Carriger’s ‘Timeless’ makes Thorne Smith timeless, too

Strip away its steampunk spectacle and alternate history, and Gail Carriger’s tidy five-novel Parasol Protectorate series about polite sensitivities amid utter chaos is almost as retro-rooted in its charms as its 1890s London setting. That’s because its finale, Timeless, and four predecessors play like some earlier witty comedies of manners among a polite set beset by supernaturalism.
I’m speaking of1930s novels by Thorne Smith, whose ghost-haunted Topper became a popular 1937 screwball comedy starring Cary Grant.

Today, Smith’s Topper has morphed into Carriger’s Alexia Tarabotti, a parasol-wielding upper crust Londoner who falls in with a sexy werewolf in a stew of romantic-adventure plots broiling with vampires, “preternaturals” (you’ll learn all this), acceptance of such  creatures in British society (the alternate history part) and, not to forget, the appallingly poor-taste hats worn by Alexia’s clueless BFF, Ivy — whose role twists and turns quite a bit in Timeless.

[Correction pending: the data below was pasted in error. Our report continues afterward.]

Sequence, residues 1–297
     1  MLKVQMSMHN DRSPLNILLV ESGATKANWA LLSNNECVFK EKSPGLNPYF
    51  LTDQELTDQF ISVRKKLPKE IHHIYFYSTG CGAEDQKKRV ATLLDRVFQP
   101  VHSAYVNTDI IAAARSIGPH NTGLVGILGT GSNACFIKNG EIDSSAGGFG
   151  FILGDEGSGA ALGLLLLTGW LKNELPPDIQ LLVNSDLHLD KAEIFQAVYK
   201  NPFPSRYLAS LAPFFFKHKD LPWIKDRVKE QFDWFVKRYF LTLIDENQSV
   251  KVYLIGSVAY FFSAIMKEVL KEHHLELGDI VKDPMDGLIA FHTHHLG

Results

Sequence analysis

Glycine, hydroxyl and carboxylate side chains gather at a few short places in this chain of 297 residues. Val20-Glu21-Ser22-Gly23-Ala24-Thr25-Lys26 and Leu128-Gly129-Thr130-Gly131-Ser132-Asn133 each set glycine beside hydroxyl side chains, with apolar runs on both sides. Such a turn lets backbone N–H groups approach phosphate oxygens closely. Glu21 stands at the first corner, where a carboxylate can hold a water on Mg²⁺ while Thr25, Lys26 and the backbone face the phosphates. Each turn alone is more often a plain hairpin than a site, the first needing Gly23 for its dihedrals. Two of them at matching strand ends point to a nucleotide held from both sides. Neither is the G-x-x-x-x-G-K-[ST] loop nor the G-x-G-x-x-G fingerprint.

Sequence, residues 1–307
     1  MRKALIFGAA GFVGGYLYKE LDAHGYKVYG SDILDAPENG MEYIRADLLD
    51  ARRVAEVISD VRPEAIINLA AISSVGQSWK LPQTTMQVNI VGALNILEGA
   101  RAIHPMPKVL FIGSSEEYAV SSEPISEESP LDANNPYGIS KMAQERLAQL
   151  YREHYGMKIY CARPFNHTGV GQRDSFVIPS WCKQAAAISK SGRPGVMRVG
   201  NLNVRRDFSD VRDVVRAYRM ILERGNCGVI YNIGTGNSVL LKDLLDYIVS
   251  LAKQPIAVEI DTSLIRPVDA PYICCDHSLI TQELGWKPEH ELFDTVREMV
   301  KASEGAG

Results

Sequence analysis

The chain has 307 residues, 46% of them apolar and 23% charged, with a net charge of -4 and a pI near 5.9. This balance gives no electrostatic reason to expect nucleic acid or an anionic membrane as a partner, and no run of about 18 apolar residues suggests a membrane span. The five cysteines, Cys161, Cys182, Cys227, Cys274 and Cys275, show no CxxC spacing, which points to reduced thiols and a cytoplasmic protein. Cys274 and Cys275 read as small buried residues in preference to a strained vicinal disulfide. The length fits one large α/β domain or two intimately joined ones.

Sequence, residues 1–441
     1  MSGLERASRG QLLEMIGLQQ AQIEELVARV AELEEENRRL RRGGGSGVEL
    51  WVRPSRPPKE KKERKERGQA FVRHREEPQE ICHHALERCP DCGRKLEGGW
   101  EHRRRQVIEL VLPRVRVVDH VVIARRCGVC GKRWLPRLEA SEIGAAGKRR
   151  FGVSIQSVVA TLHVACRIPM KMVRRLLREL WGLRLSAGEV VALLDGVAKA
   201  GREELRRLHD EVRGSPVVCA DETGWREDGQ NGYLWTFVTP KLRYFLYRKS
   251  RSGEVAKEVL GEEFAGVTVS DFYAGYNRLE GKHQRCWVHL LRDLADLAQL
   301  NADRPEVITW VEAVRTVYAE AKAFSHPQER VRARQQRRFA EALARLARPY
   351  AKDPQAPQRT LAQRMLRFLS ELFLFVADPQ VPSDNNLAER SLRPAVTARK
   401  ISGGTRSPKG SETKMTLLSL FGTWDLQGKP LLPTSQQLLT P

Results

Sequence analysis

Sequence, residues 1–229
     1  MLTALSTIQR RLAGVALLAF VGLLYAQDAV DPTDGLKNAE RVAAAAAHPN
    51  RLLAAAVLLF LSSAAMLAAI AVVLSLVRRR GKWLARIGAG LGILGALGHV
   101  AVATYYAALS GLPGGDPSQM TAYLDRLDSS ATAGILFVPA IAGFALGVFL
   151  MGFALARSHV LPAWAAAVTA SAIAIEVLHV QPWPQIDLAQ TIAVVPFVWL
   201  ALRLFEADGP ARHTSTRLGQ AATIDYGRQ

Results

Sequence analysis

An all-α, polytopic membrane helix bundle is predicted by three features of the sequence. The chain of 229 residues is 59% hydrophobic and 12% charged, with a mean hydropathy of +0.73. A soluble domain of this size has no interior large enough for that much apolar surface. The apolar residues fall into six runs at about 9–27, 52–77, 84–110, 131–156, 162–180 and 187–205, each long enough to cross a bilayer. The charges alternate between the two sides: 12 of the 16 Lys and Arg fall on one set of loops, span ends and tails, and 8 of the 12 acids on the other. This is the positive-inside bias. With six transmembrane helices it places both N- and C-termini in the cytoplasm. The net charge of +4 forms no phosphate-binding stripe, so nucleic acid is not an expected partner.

So cozy up and enjoy Alexia’s modern assertiveness as a Victorian age woman, from her smoldering passions to her spunky retorts to affronts flung by smug sisters and thirsty vampires.

Oh yes.  Alexia is a far more fiery — yet politely mannered — heroine than a certain swan in another fanged fantasy.

And she knows how to wear a proper hat.

— Bruce Westbrook



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